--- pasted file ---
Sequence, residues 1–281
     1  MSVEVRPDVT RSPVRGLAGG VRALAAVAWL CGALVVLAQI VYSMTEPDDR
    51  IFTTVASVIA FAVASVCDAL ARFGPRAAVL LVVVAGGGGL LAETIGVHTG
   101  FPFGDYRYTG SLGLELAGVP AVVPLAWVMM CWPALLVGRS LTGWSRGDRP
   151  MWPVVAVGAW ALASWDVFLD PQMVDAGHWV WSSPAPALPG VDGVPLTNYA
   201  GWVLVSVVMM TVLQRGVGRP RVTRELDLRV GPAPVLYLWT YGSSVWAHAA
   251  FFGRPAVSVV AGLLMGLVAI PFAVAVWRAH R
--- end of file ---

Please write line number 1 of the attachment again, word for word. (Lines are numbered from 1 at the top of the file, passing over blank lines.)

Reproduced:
Sequence, residues 1–281